The film does do away with the most famous plot twist in the novel—Smike is Ralph’s son and the first cousin of Nicholas and Kate—but this seems to have been in order to appeal to the sensibilities of a 1912 American audience. Moving Picture World noted that “The ghastly features, such as the end of Gryde (sic) and Ralph Nickleby, have been omitted entirely – with great wisdom.”
The film was universally praised as another feather in the Thanhouser cap and a worthy follow-up to David Copperfield. I must agree that the adaptation is unusually clever and deft and while I would have preferred to see a more satisfactory conclusion to the Ralph Nickleby/Smike plot thread, the film does not feel incomplete.
Now, let’s guess where the film was shot. Come on, based on the screen caps, where do you think it was shot? Do I hear Jacksonville, Florida? You’re right! Thanhouser had ventured south from its New Rochelle digs to take advantage of the sunny climate and Nicholas Nickleby was one of its first Florida productions to be released with the winter scenes likely shot back up north. (Around the same time, Kalem was sending teams to Florida, Ireland, Egypt and Palestine while Universal sent a team to England for Ivanhoe.)
Dickens and silent films go together like waffles and strawberries. The silent era was filled with talented character actors and Dickens was filled with colorful characters just waiting to be brought to life. The more dramatic acting style of the period worked well with the melodramatic incidents and comedy relief found in Dickens novels. A perfect match.
The cast of Nicholas Nickleby is generally very good. Justus D. Barnes plays the villainous Ralph, though you probably know him better in another role:
David Thompson brings appropriate nastiness to the role of Wackford Squeers, as does Isabel O’Madigan as his horrible wife. Their son is played by Marie Eline and I am not sure that having her puff out her cheeks to portray chubbiness works quite as well as intended. Etienne Girardot is on hand as the grotesque Gride and does a good job of it, though I think Oren Hooper plays a bit to the cheap seats as Newman Noggs.
Frances Gibson, who boldly rescued Romaine Fielding in Across the Mexican Line the year before, does good work and brings a bit of fire to Kate. Mignon Anderson, who I had read about but never seen in action, does what she can with the passive and dull Madeleine Bray. Verdict: I like her. On the other hand, Harry Benham was one of those well-nourished types that pre-WWI audiences just loved but his acting is on the stiff side. At the shady side of his twenties, he also looks far too old to be playing a teenage protagonist.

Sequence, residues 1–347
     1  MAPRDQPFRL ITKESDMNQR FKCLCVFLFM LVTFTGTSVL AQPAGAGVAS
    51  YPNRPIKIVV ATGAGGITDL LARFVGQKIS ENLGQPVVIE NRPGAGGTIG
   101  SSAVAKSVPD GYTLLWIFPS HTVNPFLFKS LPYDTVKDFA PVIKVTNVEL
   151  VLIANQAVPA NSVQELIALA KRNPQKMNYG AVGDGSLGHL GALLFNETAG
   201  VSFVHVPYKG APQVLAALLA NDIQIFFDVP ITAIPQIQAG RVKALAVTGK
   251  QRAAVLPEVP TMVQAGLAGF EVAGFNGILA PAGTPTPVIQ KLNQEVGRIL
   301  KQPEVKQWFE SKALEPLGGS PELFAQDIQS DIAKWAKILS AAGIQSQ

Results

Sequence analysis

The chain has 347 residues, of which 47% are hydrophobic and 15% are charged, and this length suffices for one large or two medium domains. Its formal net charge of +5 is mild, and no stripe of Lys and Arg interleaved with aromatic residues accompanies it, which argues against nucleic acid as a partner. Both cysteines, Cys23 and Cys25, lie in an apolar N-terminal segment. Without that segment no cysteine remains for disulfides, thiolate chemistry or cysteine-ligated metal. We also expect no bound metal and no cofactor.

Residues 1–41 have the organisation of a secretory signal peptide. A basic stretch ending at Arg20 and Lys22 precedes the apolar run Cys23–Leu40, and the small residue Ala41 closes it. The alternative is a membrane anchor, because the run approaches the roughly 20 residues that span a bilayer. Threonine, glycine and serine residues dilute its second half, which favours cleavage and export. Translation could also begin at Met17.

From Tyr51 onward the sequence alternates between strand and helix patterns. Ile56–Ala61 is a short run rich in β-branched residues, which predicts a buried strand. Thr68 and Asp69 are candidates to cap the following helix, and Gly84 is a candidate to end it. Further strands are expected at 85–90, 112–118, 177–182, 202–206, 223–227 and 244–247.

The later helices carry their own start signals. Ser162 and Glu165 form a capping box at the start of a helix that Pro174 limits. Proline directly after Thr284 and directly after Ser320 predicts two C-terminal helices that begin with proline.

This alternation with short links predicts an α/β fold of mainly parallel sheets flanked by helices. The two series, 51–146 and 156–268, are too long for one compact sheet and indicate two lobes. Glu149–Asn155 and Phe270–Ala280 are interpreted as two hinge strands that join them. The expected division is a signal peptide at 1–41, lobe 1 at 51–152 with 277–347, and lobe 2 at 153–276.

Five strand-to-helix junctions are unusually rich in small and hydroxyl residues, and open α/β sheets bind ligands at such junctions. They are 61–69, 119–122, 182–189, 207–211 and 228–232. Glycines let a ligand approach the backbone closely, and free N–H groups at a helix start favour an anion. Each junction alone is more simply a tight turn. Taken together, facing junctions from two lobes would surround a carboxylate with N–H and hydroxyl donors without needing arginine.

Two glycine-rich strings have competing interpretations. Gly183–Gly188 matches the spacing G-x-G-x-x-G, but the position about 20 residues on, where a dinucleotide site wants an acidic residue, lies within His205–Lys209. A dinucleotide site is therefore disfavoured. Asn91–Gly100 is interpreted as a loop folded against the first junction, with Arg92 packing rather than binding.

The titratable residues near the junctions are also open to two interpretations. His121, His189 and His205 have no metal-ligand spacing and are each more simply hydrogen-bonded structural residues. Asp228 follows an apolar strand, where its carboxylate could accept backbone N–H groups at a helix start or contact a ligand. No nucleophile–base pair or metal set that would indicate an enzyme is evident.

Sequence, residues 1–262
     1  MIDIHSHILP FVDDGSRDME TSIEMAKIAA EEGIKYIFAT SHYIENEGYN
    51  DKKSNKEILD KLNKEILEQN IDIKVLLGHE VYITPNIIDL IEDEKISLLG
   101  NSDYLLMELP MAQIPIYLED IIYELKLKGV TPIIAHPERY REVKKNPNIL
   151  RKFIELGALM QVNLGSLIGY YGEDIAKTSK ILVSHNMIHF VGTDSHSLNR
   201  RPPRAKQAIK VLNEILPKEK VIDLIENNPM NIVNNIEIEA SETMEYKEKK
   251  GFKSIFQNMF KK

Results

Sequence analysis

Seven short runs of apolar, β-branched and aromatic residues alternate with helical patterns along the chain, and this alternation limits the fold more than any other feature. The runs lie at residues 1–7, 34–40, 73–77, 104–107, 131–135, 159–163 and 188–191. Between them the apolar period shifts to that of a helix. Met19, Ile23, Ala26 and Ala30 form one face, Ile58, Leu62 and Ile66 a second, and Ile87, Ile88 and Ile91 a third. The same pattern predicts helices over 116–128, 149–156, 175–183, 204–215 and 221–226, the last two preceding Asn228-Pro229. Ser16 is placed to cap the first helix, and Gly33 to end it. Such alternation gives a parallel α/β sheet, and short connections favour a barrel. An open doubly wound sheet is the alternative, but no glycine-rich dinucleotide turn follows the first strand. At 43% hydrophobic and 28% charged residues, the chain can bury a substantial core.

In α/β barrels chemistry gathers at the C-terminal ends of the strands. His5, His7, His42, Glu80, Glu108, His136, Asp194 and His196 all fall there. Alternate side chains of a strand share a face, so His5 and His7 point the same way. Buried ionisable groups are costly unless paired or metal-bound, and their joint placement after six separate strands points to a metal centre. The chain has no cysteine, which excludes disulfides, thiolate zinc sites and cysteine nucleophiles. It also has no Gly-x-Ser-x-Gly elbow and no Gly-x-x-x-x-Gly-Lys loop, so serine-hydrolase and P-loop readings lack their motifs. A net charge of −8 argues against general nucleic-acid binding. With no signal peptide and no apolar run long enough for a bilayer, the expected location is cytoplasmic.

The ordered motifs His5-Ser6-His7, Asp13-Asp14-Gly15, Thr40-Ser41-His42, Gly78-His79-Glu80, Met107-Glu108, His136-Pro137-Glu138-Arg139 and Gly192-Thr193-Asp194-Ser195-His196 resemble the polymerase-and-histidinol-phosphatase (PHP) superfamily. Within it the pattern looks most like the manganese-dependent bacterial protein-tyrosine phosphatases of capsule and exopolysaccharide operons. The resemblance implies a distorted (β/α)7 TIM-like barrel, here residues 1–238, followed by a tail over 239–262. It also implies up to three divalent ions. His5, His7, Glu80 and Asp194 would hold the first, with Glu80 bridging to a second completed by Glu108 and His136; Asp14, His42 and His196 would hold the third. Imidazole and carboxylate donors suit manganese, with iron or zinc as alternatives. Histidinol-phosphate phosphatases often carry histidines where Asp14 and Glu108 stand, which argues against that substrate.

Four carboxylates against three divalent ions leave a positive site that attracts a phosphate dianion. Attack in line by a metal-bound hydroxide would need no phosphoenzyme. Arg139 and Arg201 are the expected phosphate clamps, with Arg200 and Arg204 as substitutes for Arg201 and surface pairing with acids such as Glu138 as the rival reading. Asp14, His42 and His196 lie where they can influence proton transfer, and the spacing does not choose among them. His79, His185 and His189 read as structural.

Director George Nichols, whom you probably know better for playing Mabel Normand’s father in Mickey and The Extra Girl, shows himself to be a clever director with a reasonably nimble camera for the period. All of this is the icing on an already sweet cake.
Nicholas Nickleby is an example of a deft American literary adaptation and it holds up extremely well. A treat for anyone interested in the classier entertainments of the nickelodeon era.
Where can I see it?
Nicholas Nickleby has been released on DVD as part of the BFI’s Dickens Before Sound two-disc set with a score by Neil Brand. The set comes highly recommended as it also includes a quality version of the 1922 Oliver Twist with Lon Chaney and Jackie Coogan in addition to other rarities. The set is listed as region 2 but I had no trouble playing it. (I’m located in California.)
The film is also available for streaming courtesy of the Thanhouser project. That version has an organ score by Raymond A. Brubacher. I should note that the BFI DVD release runs 20 minutes while the Thanhouser release runs at 30 minutes. This is due entirely to the frames-per-second selected by the producers as the Thanhouser release is taken from the print held by the BFI. For what it’s worth, I believe the slower runtime works better.
When Nicholas Nickleby was released in 2002, I was first and foremost illogically irritated by the awkwardly-posed poster but also I was baffled as to the object. You see, I am a devotee of old school British literary miniseries and rather enjoyed the most excellent and well-acted 2001 ITV adaptation. Why the heck would I need another Nicholas Nickleby in my life and so soon? It seems that much of the moviegoing public felt the same way because the 2002 film failed to earn back even its modest budget at the box office.
I could have reviewed the ITV series but I figured it wouldn’t be fair to pit a 3 hour+ series against a little two reeler and preferred a more apples to apples comparison of a major theatrical release. However, I shall put in my plug and say that the acting in the miniseries is absolutely perfect and James D’Arcy and Sophia Myles manage the nearly impossible task of making the bland Nicholas and Kate interesting, imbuing them both with an appealing inner fire. And if anyone was ever born to play a Dickens villain, it would be Charles Dance.